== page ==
The average person spends about 85,000 hours of their life at work, much of which is spent working alongside colleagues. With so many daily interactions, it’s no surprise that issues arise in these relationships. And, as many workers don’t have the skills or confidence to address these tensions, they can fester away, which impacts the individuals involved, their teammates, and the wider organization.
With the rapid developments in technology, and the launch of new AI tools, how will this impact workplace relationships? What are the opportunities, and what are the risks? Can AI help workers resolve disputes, which will alleviate the often significant personal and business impacts of workplace conflict?
The issue of bias
In trying to answer this, the first consideration is inherent bias. As humans, our biases and expectations shape our approach to conflict. Often learned in childhood, this pre-programming influences our perceptions and interpretations of what another person’s words or actions mean.
AI algorithms are widely recognized to reflect the biases of the humans that have programmed them. In DataRobot’s State of AI Bias Report, 43% of senior leaders said their organizations had lost employees due to bias in algorithms. With the likely inherent bias in AI, there’s much room for AI to return incorrect, inaccurate, or potentially damaging guidance, which can look credible to a layperson seeking help with a sensitive conflict issue.
Are AI’s biases easier to correct than those entrenched in our psychology? In the future, could AI approach a situation without bias, and be able to see different perspectives, be open to a range of possibilities, and analyze these with impartiality?
How we feel about AI solving our conflict
It is also important to look at the emotional context. When people are in conflict, they have a core need to be heard, to have their feelings recognized, and to feel validated. When having a difficult conversation, these emotions are conveyed in words, body language, tone of voice, and pacing. When ‘conversing’ with AI, workers will unlikely get the emotional recognition they need.
So far, much of the debate around AI has focused on the answers it delivers rather than how AI makes us feel about those answers, and, indeed about ourselves. Studies have shown that people react differently when decisions are delivered by AI versus humans, perceiving AI to be less moral or fair than a human. For example, research found that when applicants to a select expert panel were told that AI was evaluating them, the successful applicants felt less positive about the research company than those told a human was evaluating them.
However, an area where AI could have strengths is that it doesn’t have to regulate its emotional response in a conflict situation. In conflict, managing emotions is key to being able to respond constructively rather than react emotionally. AI doesn’t face this internal management challenge, and could analyze the information presented objectively, albeit it’s still dependent on the quality and bias of its inputs. As AI progresses, and word analysis is combined with facial and body language recognition, AI could more accurately recognize the emotions in play. But will we learn to feel the same way about its outputs as we would those of a human?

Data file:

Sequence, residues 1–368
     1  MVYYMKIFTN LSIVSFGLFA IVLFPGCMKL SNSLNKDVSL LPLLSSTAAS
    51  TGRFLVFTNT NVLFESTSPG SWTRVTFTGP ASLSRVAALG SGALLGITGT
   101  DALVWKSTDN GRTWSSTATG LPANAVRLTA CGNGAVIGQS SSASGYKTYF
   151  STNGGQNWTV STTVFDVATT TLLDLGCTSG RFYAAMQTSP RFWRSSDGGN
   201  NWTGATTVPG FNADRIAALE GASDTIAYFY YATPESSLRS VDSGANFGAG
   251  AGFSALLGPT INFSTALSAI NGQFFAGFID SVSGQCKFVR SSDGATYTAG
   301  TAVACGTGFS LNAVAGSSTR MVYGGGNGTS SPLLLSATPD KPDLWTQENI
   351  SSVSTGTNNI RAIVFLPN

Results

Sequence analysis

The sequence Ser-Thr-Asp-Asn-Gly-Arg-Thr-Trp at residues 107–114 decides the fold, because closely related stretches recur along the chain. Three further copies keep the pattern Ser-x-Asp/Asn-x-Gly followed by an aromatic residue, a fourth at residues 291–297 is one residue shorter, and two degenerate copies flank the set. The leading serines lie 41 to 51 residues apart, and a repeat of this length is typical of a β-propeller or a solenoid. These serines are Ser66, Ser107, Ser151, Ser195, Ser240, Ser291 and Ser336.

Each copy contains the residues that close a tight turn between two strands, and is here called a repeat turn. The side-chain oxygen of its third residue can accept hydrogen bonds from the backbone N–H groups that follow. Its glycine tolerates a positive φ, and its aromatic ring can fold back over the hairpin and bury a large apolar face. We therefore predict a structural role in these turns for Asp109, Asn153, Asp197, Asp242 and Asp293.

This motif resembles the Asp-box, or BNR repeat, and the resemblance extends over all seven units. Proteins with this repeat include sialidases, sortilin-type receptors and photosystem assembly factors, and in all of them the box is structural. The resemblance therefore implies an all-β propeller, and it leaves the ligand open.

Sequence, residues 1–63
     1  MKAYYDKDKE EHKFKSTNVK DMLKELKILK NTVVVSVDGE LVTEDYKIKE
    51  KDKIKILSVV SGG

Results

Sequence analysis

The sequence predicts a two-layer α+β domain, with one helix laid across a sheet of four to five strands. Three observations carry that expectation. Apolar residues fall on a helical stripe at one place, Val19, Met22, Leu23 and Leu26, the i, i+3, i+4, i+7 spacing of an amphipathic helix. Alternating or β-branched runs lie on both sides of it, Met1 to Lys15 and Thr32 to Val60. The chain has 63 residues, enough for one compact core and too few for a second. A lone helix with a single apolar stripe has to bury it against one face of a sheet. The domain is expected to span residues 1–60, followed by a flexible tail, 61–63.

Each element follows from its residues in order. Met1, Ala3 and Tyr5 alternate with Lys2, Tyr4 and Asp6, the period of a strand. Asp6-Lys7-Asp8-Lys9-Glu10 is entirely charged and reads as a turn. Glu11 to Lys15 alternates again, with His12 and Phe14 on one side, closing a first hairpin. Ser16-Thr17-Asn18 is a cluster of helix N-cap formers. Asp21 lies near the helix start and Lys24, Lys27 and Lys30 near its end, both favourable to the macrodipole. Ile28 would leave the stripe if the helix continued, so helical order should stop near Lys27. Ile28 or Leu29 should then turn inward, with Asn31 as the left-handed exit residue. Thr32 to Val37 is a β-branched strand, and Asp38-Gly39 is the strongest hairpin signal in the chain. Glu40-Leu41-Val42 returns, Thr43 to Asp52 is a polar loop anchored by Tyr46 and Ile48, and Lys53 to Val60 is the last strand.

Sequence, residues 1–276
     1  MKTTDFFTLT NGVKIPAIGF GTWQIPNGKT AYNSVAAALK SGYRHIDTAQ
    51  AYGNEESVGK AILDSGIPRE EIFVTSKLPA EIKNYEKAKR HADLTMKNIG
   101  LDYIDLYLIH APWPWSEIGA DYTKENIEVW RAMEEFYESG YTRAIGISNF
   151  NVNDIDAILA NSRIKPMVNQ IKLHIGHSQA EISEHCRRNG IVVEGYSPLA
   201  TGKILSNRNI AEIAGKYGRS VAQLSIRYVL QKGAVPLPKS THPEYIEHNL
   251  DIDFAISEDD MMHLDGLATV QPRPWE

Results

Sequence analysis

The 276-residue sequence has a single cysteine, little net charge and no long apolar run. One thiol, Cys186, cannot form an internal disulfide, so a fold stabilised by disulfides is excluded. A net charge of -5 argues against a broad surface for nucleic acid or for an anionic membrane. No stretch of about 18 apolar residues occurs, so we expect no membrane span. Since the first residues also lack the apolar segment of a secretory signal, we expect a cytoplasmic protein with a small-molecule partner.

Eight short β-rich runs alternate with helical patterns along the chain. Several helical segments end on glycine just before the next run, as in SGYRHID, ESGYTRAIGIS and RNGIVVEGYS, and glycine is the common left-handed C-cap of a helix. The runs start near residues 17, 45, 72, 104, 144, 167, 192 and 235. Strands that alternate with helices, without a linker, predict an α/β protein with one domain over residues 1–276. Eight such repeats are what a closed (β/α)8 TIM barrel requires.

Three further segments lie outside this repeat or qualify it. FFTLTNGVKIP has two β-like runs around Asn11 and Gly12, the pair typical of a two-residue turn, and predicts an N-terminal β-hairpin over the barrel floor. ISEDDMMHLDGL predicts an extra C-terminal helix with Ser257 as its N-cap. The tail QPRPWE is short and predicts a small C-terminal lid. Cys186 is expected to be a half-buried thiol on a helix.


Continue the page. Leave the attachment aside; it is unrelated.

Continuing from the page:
Conflict is complex
Relationships are complicated, particularly those experiencing difficulties. People have different personalities, experiences, and ways to express themselves. There are often other people involved and other complex factors at play within the wider organizational culture.
On the face of it, AI has obvious strengths because it can take on board and analyze vast amounts of complex information. But can AI be programmed with all the complex information relating to a conflict? If one person looks for an ‘answer’ to a relationship breakdown, they input only their perspective, missing out on all the valuable insights from others involved or the broader perceptions of the surrounding team and organization. AI won’t get the nuances of how people shift their perspectives as they learn other parties’ viewpoints and experience the reactions of others.
Certainly, AI and our relationship with it are evolving all the time. Machine learning can get better at reducing bias, we can get better at understanding how AI makes us feel, and algorithms could be programmed to factor in the complexity of conflict within organizations. But AI is unlikely to ever be the best solution for resolving conflict. You are the only one who knows what’s best for your situation. Relying on AI reduces much of the opportunity for human-to-human conflict resolution. The process of discovering other people’s perspectives is enriching. It increases self-awareness, helps make the real human connections everyone needs in a technology-led world, and strengthens relationships in the place where we spend around a quarter of our lives. While we don’t have all the answers on AI, when it comes to conflict, you do have the answer, and it lies within.